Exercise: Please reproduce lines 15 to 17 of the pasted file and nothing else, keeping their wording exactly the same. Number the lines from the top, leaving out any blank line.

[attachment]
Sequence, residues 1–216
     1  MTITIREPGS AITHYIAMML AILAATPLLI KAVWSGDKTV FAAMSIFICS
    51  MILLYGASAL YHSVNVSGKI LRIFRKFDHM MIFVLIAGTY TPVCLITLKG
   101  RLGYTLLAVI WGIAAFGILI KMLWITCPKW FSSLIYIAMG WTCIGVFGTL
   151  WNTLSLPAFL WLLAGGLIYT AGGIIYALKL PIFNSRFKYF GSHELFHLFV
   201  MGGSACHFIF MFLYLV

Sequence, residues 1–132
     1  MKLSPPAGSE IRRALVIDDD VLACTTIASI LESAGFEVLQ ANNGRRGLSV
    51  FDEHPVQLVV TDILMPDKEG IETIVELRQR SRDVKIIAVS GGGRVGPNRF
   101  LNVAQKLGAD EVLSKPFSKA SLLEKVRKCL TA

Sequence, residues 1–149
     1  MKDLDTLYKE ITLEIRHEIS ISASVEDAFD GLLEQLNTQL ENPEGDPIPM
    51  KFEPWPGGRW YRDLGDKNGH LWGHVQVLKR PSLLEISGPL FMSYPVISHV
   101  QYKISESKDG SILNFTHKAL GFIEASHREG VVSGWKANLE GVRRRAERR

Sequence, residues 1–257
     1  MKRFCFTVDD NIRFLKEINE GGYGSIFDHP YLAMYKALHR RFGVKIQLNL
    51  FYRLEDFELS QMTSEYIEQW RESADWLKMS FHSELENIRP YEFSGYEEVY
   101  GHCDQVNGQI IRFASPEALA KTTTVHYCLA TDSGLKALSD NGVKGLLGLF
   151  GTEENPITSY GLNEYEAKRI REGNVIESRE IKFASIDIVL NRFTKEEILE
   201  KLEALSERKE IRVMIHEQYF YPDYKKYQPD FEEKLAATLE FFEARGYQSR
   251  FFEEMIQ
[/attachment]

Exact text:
Sequence, residues 1–257
     1  MKRFCFTVDD NIRFLKEINE GGYGSIFDHP YLAMYKALHR RFGVKIQLNL
    51  FYRLEDFELS QMTSEYIEQW RESADWLKMS FHSELENIRP YEFSGYEEVY